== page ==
24. 24. 22 SPRING 2014 STANFORD BUSINESSLIVES means it is that much more important that businesses take a conscious capitalist perspective to make a difference in the world. I’m a big believer in that on a global level. Businesses are finally asking, what is our ecological footprint? I also believe businesses need to look at their emotional fist print on their employees. Our work is the most predominant use of our time. We spend more hours in our working life than our family life. Yet for many people their working life leaves an emotional fist print as if they’re getting punched. It creates anxiety, anger, and a sense of being abused. That can have a contagious effect on their family, friends, and everybody around them. How do we measure that? Fifty years ago we had no idea we could measure our ecological footprint. How can we start measuring and managing what’s most important in life? What is the best business book you have read? Man’s Search for Meaning, by Viktor Frankl. It influenced my perspective on how to create meaning for employees and how to create culture in my organization. Andy Dunn is the founding CEO of Bonobos, a clothing company that launched online in 2007 with the introduction of a line of pants that promise a more flattering fit for men. The company has since expanded, and it now sells a full line of menswear through its e-commerce “guideshop” stores and online. Dunn graduated from Stanford GSB in 2007. What was the most difficult lesson you have learned on the job? One, “it’s all your fault,” and two, “nobody cares.” “It’s all your fault” came from Mark Leslie. “Nobody cares” is from Ben Horowitz. As CEO, when things go well, your job is to pass the credit on to someone else. But when things go wrong, it’s your fault. Our site crashed on Cyber Monday of 2011 and stayed down for two weeks. It was a traumatic time for our company. We have a great customer experience, but that obviously doesn’t matter if you can’t shop on our site. Our customer-service ninjas are all energetic, empathetic people, and they were working day and night with phone calls and monitoring and responding to Facebook and Twitter. Our new head of engineering had just joined. He had the weight of the world on his shoulders four weeks into his new job. How did it come to this? It was my fault. We had an engineering team when we started, but we dismantled it and outsourced our technology for two years. We should not have completely outsourced it. After that it took me too long to hire our head of engineering. If I could go back in time, I would have retained some of that initial team and been less extremist about the transitions to create more continuity. It’s easy as a leader to point fingers and blame people because you have power and authority. The reality is, you can’t blame employees, because if they aren’t doing well, it is your responsibility to move them out. Not only can you take responsibility, but you have to take responsibility. Everything the company does is in your purview. As the CEO, you are responsible for everyone who is there, and as founding CEO, you can’t even blame it on your predecessor. You can make all the excuses you want about how the world changed, etc., but if you fail, no one cares why it didn’t work. It can feel psychologically daunting to think of things this way — it’s all your fault and nobody cares why it didn’t work if it doesn’t work — but it’s also empowering. If you recognize you have agency in creating problems, then you can solve them, too. What advice would you give other entrepreneurs on how to build a great business? Passion is a prerequisite. So is an unfair advantage. This world is intensely competitive. It’s not so much a question of whether you are a high-potential entrepreneur or whether your idea is great, but are you a high-potential entrepreneur for that great idea? Before Bonobos, I worked on an idea for a personalized content magazine, similar to Instapaper. There was no reason I was the right person to build that business, and therefore I didn’t. People say great companies are built by great teams. I think that’s true. But I look for more than just great teams and great ideas; I like ideas that are uniquely authentic for that particular team. What inspires you? Creating something people love. We have around 350,000 Facebook fans. I think of all the people who clicked our “like” button because they think our brand is cool. I’m inspired by that. I love this world that makes it possible for people to imagine something should exist and then conspires to enable them to create it.  What was the most difficult lesson you have learned on the job? The most difficult time in my career was in 2008 and 2009 when it became extremely apparent to me that what had been a calling was now merely a job. It came at a time when I had to work 100 hours a week and had to act as if it was a calling. To be the CEO of a company means if you have 3,500 employees, as we did then, you are under the microscope. Your emotional state of being is magnified. I felt embarrassed and guilty that my state of mind — and my state of heart — for the company was not there when it needed to be. That is one reason I decided to sell a majority interest in my company to an investor who didn’t mind me stepping out of the business. The lesson was that vulnerability can be very powerful. We say we want leaders to be authentic, and we want them to be strong. But being vulnerable and confident at the same time is a powerful combination. What advice would you give other entrepreneurs on how to build a great business? I’m a huge believer in Abraham Maslow’s Hierarchy of Needs. What brings a sense of meaning for your stakeholders? What creates a transformative, self- actualized experience for your customers? How do you create pride of ownership for your investors? Remember, we are all human. If you are a good reader of emotions you will be successful wherever you are. What values are important to you in business? You can see who’s most powerful in a society based on who has the tallest buildings. Two hundred years ago it was cathedrals. Fifty years ago it was a government building. Today, in most urban areas, the power rests with business and skyscrapers. Business is the most powerful influence in the world today. Fifty-four of the 100 most powerful entities in the world today are companies, not countries. That Andy Dunn “Passion Is a Prerequisite”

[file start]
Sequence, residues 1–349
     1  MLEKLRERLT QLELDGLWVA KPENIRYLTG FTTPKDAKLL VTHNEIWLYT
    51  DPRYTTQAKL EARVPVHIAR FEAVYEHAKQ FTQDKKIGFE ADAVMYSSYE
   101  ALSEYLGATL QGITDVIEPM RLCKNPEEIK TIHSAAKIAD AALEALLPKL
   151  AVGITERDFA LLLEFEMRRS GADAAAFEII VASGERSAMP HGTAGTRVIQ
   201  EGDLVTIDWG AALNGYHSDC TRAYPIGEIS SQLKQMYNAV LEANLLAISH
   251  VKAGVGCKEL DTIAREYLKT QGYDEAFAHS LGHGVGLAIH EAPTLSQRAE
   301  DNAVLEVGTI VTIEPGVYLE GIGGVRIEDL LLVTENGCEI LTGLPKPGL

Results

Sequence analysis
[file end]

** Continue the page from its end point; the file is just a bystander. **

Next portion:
25. 25. 23BraulioAmado Beth Cross is the founder and CEO of Ariat International. Based in Union City, California, the company makes footwear and apparel for riders and the equestrian lifestyle. Cross grew up on a horse farm in Pennsylvania, and moved to California to attend Stanford GSB, graduating in the class of 1988. She went on to work at Bain and Company, where she worked with a team that developed strategy for athletic shoe makers Reebok and Avia. She cofounded Ariat in 1990 with Pam Parker, a fellow student from Stanford GSB. Their first product was a boot made for both English and western-style riding, which used materials and construction techniques common in athletic shoe manufacturing. More than 20 years after its founding, Ariat continues to push the boundaries of style and technology. What was the most difficult lesson you have learned on the job? There are no do- overs. There is so much on-the-job training when you build a business. Every day, there seems to be at least one decision or discussion, large or small, that in hindsight I would love the opportunity to rethink or redo. I’m reminded of a decision I pushed for to make an inventory purchase of a new product that I thought would be terrific — but our buying team was very skeptical. I thought it was a great opportunity and convinced everyone we should go for it. Well, of course the product was a flop, and we were stuck with the inventory. My team teased me about it for a long time, and I learned to not interfere with the collective wisdom of an experienced team. You have to own your bad decisions, and in doing so you reinforce a culture that celebrates success and learns from failure. What advice would you give other entrepreneurs on how to build a great business? The most critical thing is to visualize the company as a fully formed entity. We started out with an idea to revolutionize the equestrian footwear industry with performance technology. Once we pressure-tested the idea with consumers, we started to architect the company on paper. We asked ourselves, what will the company look like at $1 million in sales? At $50 million in sales? Study the leading companies in your industry and learn everything you can about their structure and go-to-market strategy. Sketch it out by function so you know what you will be competing against, and also have a sense of what relevant organization structures look like as you’re building your team. Visualizing massive success from Day 1 helps you design the many small elements of what will eventually form the structure, strategy, and business model of a much larger company. Often the excitement of the startup — of product development and fund raising — distracts people from taking the long view about the company and the culture. Perhaps it can be compared to the difference between a wedding and a marriage — the excitement and flurry of activity during the start-up phase is the wedding, and the hard work of building a sustainable company is more like a marriage. Δ That process of being thoughtful about how to create and protect our culture has been more important than I ever would have imagined. Beth Cross What is your greatest achievement? The most proud I’ve ever felt was when Bonobos was named by Crain’s as one of the top 50 places to work in New York. Building a company that customers love already puts you in the top decile, but building a company that employees love is the most elegant challenge in business. That’s the top 1%. So many people don’t like their jobs or their bosses. It is especially meaningful to me coming from 2007, when I felt like I had no idea what I was doing or how to build an organization where humans could be motivated and engaged. I once thought “company human values” were things people wrote on posters with pictures of an eagle soaring in the sunrise. I always thought that was a cliché. I have learned there is actually something to it. What helped me was when we had about 30 employees, I took stock of the 10 best people I had ever hired and made a list of the five attributes that I believe unified them and all the great people we have hired since. Those are self-awareness, judgment, positive energy, intellectual honesty and empathy. I worked those five values into how we hire, fire, promote, and retain people; we have gotten pretty empirical about it. That process of being thoughtful about how to create and protect our culture has been more important than I would ever have imagined when we began. What businessperson do you most admire? Joel Peterson, the chairman of JetBlue. He approaches business from a really weird place: love. He talks about treating people with profound grace and dignity, even when things are difficult. I think he’s got a unique view of how to meld caring into capitalism; it personally inspires me. See a video of Conley at http:// For the full-length versions of these interviews, and for more insights and ideas from entrepreneurs, go to http://stnfd. biz/hpWK1 “Visualize Massive Success from Day 1”